Reaction to Obama victory shows growing Tory confidence

Downing Street thinks this is may be their lowest point. And it isn't too low.

In case anyone missed the news that David Cameron was pleased to see his buddy Barack Obama re-elected, Downing Street released a photo of the Prime Minister chatting with the newly re-mandated Commander-in-Chief:

(It'’s a phone call, so you can only see Cameron and have to imagine Obama smiling affectionately at the thought of the future summits he'll spend in the company of his most essential strategic partner.)

The significance of the US election to the Cameron project has been heavily analysed and spun. (There are interesting pieces on the subject here, here and here. I also touch on it in this week'’s column here.)

In brief, the good news angle for the Tories is that an account of Obama’'s victory –- incumbent overseeing tricky economic repair job wins second term to complete task -– rehearses the campaign Cameron wants to run in 2015. The bad news angle is that Romney was ahead in opinion polls on measures of economic confidence but way behind in responses to the kind of “"understands people like me”" proposition that Cameron also struggles with.

Plus, the Republican image as overly concerned with the interests of rich white rich men is a hindrance that has certain resonance for the Tories. (Although that can be sold as good for Cameron, since it empowers him to slap his own right wing down a bit.)

In reality, the US election simply isn'’t that important to British politics. We obsess about it because American democracy is fascinating, it’'s a powerful country that matters to the rest of the world and the players have the courtesy to speak our language so it is accessible as spectator sport. 

One of the interesting things to observe in the UK aftermath of the poll is not the result itself but the licence it appears to have given top Tories to be visibly optimistic. The positive interpretation of Obama’'s win outlined above requires all sorts of caveats, not least the fact that Cameron might yet have to fight an election with an economy that has made people feel poorer, in which case a “let-me-finish-the-job” proposition rings pretty hollow. Yet the Conservative high command clearly feels it has turned some kind of corner.

That is certainly the impression I get from loyal MPs and ministers who, while wary of celebrating the emergence of green shoots, are ready to sound cautiously upbeat about both the economy and their prospects for victory in 2015. One factor informing that view is the feeling that Ed Miliband hasn’t capitalised on his relatively successful annual conference. They see no sign of momentum or surge of project-building energy –- no radiation of collective charisma –- from the Miliband camp.

Tories fully expect to lose next Thursday’'s Corby by-election, but even that doesn't seem to be getting them down. That is because they see most of their current woes as symptoms of a generic mid-term malaise and not necessarily irreversible structural weakness. 

Andrew Cooper, the Downing Street pollster, has a presentation that he gives to cheer MPs and party staffers up on this subject. It involves looking at long term trends in incumbent/opposition relations over time, with special attention paid to periods when the Tories are in power.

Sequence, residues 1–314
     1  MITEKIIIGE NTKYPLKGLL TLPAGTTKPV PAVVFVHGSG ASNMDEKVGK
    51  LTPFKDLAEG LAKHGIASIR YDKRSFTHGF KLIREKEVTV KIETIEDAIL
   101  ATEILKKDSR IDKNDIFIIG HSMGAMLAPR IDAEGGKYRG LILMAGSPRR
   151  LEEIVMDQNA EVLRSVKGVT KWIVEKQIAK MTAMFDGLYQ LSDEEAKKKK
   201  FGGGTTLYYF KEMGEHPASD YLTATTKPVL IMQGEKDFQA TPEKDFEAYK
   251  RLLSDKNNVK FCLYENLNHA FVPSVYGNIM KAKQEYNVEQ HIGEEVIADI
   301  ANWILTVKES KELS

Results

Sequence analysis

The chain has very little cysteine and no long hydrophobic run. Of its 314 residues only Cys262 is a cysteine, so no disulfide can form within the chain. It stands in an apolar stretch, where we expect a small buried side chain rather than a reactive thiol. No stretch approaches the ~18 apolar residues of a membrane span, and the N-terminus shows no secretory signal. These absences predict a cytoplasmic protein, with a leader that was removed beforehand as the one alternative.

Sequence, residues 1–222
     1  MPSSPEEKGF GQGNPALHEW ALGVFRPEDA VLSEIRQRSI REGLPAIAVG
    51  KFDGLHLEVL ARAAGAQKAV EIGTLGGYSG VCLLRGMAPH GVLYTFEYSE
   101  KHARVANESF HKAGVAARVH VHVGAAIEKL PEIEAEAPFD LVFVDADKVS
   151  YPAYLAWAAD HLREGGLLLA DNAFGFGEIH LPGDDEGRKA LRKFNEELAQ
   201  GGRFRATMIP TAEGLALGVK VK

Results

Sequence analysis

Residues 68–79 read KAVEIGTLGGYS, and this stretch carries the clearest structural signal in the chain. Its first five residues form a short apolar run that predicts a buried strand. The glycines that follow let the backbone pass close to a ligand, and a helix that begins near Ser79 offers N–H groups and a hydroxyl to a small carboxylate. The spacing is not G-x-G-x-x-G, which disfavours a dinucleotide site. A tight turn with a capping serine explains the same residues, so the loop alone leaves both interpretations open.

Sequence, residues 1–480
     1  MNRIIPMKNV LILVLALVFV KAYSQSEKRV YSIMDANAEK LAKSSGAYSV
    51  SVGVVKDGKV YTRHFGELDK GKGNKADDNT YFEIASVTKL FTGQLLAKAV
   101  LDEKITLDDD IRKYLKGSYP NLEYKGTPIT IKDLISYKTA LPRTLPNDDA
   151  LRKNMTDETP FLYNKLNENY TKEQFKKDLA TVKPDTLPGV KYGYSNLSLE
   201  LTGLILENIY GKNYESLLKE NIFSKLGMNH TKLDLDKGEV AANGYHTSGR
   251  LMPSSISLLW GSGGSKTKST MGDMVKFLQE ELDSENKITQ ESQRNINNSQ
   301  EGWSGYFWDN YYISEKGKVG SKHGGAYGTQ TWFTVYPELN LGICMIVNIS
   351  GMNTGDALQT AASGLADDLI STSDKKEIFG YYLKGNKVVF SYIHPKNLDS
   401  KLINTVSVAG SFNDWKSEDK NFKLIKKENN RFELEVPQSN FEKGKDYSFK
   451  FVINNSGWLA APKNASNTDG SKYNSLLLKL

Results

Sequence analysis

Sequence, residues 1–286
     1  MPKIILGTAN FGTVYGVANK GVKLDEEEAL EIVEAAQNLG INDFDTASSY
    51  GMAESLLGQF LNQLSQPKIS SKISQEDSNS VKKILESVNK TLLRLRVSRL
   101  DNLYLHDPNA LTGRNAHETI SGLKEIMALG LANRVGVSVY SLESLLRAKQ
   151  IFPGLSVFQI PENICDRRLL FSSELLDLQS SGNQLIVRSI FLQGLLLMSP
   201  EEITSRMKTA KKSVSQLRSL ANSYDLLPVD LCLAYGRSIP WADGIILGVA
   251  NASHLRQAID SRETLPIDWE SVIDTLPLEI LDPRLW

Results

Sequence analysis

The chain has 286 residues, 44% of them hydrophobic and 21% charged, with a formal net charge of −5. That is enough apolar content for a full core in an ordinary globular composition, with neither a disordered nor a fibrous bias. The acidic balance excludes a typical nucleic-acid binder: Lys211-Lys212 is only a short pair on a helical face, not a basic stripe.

What tends to happen is that the party in office loses popularity, takes a real opinion poll pasting in the middle of the parliament, then recovers in the run-up to an election until it is within reach of victory. According to this analysis, the Tories are better off now than they were in the mid-80s. To make this model work you have to discount the period 1997-2005, when the Conservatives were behind in the polls almost constantly. That is explained away by claiming that Blair was a unique candidate, barely Labour at all in many traditional respects and the Tories were in a particularly dark place.

In other words, it was an anomalous time, whereas now normal cyclical service is resumed. The Conservatives are in power facing an untrusted and not entirely plausible Labour opposition. They are a bit behind –but who would expect anything else, especially given the economic circumstances. Arguably, they are nowhere near as far behind as they ought to be and there is plenty of time and capacity to bounce back. So, the pep talk goes, this is the bottom for the Tories and it isn’t all that low down.

Privately some senior Labour folk agree. One party strategist commented to me recently that “the Tories won'’t be losing much sleep over their poll ratings at the moment.”

Of course, this could all be wildly hubristic on Downing Street'’s side. There are plenty of public sector cuts yet to kick in which could suck demand out of the economy and produce gruesome social effects that reinforce the “nasty party” image. International economic turbulence is never far away. European divisions remain ruinous to the party’'s image as an effective force in government. The Tories’ well documented problems winning votes in the North and Scotland and among non-white communities haven’t gone away.

But Downing Street’'s hope is surely that a bit of confidence in the prospects for 2015 will promote discipline in the ranks and a virtuous cycle of unity and an aura of governing competence. (There is a solid core of MPs who remain implacably, viscerally hostile to Cameron but the appetite for harmony in the rest of the party is quite strong and impatience with the wreckers is growing.)